Old dog Mansell sniffs a return


THE old dog thinks he can still do the trick - and top lick too. Nigel Mansell, at 43, climbed into a Grand Prix Formula One car near Barcelona yesterday and put in 49 increasingly impressive laps at a snarling din which obviously meant business.

It is 18 months since the former world champion has driven at remotely such speed. If the money is right and the car competitive, he could well be putting his life on the line again next year.

On the face of it, however, it officially remains a 50-50 chance that Mansell will be in the Jordan car on 1997's first starting grid at Melbourne next March, alongside Michael Schumacher's tearaway younger brother Ralf, around whom the Jordan team are said to be building its future.

Both Mausell and team boss Eddie Jordan admitted yesterday that there was a great deal of talking still to be done - not least by their respective bank managers. Yesterday Mansell's fastest lap was one minute 22.89 seconds, compared to young Schumacher's 1:22.59 - some going for the ancient Brit, for he was starting from cold.

Mansell, as he ever engagingly was, climbed out full of his own conceit. "Ralfs very quick and committed, and he brakes late all right, so for me to be within three-tenths of a second of his fastest can't be bad for an old man, can it?"

Yesterday's testing on the twisty Circuit de Catalunya on the industrial scrubland beneath the jagged and picturesque pelmet of hills north of the city represented an intriguing and initial sizing-up process by both parties. For sure, the Jordan team needs some headlines and publicity pulling power - certainly their sponsors do.

If nothing else, Mansell down the long years has written his own headlines. He is a star all right, but stars cost money and a multi-millionaire already will be asking for more multi-millions. Would the comparatively low-budgeted Jordan team break the bank to sign him up?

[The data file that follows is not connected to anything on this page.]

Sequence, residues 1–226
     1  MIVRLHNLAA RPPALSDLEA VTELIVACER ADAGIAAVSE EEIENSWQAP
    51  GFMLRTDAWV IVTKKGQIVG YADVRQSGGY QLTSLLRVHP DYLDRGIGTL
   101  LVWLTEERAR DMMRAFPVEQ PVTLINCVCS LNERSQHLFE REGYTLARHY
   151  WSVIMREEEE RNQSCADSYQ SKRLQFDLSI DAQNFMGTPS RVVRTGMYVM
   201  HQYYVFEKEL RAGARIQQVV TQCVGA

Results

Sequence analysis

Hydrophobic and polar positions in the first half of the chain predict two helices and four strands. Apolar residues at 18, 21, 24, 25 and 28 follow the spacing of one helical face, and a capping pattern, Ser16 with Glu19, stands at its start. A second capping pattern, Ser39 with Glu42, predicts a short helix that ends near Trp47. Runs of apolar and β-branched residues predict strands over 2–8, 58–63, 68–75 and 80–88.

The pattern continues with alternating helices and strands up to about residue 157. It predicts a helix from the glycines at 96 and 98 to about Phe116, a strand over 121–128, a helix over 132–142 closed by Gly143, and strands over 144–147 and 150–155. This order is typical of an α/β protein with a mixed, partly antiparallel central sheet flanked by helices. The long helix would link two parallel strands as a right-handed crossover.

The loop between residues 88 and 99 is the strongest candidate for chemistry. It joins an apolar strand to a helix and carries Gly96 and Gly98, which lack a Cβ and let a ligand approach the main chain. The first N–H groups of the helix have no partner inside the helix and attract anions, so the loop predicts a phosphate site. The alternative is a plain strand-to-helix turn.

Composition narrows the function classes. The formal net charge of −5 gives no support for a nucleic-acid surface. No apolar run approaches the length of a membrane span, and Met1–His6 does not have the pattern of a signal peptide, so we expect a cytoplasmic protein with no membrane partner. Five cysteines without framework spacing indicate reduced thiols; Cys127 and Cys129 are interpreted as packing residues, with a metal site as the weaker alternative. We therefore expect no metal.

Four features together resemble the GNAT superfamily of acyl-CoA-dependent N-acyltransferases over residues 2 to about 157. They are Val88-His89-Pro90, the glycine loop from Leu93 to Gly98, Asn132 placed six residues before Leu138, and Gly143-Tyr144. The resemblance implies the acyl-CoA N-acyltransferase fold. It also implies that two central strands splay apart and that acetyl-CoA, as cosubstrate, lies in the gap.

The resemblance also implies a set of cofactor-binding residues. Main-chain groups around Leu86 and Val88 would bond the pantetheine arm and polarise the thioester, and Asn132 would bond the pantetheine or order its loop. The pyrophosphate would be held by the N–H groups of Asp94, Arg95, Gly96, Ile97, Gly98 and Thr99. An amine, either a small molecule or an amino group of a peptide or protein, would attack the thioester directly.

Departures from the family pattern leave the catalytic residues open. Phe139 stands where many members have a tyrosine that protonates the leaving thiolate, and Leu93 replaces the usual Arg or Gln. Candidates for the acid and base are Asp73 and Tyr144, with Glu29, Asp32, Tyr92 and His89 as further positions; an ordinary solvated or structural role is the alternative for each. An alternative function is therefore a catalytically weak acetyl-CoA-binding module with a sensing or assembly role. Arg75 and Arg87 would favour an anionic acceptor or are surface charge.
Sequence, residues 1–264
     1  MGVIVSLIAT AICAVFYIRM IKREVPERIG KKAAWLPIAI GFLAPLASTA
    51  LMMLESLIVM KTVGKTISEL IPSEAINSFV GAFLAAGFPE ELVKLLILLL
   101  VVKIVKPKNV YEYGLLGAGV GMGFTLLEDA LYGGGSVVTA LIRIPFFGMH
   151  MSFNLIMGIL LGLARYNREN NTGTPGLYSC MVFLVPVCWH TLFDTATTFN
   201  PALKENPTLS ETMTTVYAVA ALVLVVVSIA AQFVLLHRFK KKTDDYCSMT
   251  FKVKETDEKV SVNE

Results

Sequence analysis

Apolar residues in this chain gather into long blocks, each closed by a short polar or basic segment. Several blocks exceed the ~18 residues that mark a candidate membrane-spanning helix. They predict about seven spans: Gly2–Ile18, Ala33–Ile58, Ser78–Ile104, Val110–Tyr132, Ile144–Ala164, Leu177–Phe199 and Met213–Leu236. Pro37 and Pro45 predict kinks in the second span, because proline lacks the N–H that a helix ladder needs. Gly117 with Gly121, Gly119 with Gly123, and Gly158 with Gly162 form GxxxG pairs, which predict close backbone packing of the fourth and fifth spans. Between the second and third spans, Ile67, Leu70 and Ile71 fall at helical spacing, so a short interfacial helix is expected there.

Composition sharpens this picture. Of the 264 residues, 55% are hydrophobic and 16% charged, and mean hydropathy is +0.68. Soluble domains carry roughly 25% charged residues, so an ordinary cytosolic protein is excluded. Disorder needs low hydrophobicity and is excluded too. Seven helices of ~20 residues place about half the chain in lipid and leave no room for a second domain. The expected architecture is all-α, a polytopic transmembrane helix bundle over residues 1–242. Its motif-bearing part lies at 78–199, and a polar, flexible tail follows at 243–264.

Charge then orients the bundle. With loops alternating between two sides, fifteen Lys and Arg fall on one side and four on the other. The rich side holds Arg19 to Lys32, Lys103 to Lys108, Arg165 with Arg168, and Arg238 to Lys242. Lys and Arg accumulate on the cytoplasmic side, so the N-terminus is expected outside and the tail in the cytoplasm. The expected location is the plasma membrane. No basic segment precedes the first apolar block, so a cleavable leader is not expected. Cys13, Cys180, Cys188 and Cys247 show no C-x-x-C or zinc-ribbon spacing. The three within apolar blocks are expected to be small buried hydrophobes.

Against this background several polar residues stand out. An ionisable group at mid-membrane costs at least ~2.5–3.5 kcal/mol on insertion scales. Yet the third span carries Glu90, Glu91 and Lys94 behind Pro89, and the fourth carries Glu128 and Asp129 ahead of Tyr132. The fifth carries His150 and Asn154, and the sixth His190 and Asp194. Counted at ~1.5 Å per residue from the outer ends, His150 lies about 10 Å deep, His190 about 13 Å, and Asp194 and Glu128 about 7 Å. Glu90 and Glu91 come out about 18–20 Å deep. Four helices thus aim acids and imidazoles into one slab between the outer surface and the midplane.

"Only in a realistic way," said Jordan, "Nigel's degree of reality and mine in that respect are probably two different things. There is still a huge amount of talking to be done and it will be weeks before any firm announcement either way."

This first practice spin had been mightily impressive, agreed Jordan. "We will do more testing, after which Nigel knows I have a willing pair of ears to listen to his proposals. This first day was just acclimatisation. There are weeks to go yet."

Mansell concurred: "For me, today was eight out of 10. The engine goes very well. With or without me, Jordan has a real future. For me, I have to form a relationship with a car, to trust it implicitly before I can push it deep into corners.

"It takes time, certainly after nearly two years. You have to get used to breaking from 200 to 60 in less than two seconds when all you have been doing is getting your golf handicap down from five to one in 12 months."

Knowing Mansell, it must have unquestionably spurred his palpable ambitions when he heard Damon Hill would be stepping next season into the presumably uncompetitive Arrows team. Fame was the spur? "Not so much. that," said Mansell yesterday, "the sport just remains in my blood."

It was a day full of portent but also of memories. This was the very track on which only last year Mansell had made his dramatic, almost dottily staged departure from the McLaren team, running too far down the field for a former champ. Nigel just drove it into the garage here in Spain, put it into neutral, cleared his glove compartment, got out and walked away.

He retired to Devon and his golf. End of story? Those in the know knew better - and yesterday the whiff of the pit lane fumes and the whip of fame had brought him back. Mmm, like a bisto kid ...

And sure enough we were back in Barcelona. Same old Nigel, except he's shaved off his Kitchener-Gooch moustache. "Your-country-needs-me" moustache. By the time he. had clamped himself into the cockpit and buckled on his old Union Jack helmet, a sparkling bright Spanish morning had turned into a pewtery-grey English-like afternoon.

There is always something romantically eerie about grand stadiums when they are empty and out of season. Now the sombre, quiet afternoon was blitzed every minute-and-a-half or so by the screech of Mansell's careering engine past the paddock pit lane.

Mansell recalled his last-time debacle here. "I didn't retire, I just stood down. Since when I've enjoyed it in No Man's Land working on my golf and reflecting on life. If you've never lost the urge to drive fast, what have I to regain? If I'd lost it I would have ended up today in a wall on the very first lap. I didn't, so I've still got it."

His wife, Roseanne, was, he said, "fine about it and as supportive as ever." If the offer came when would he make his decision to drive again? Interrupted Jordan - "It takes two to tango.

The courtship dance has a long way to run yet.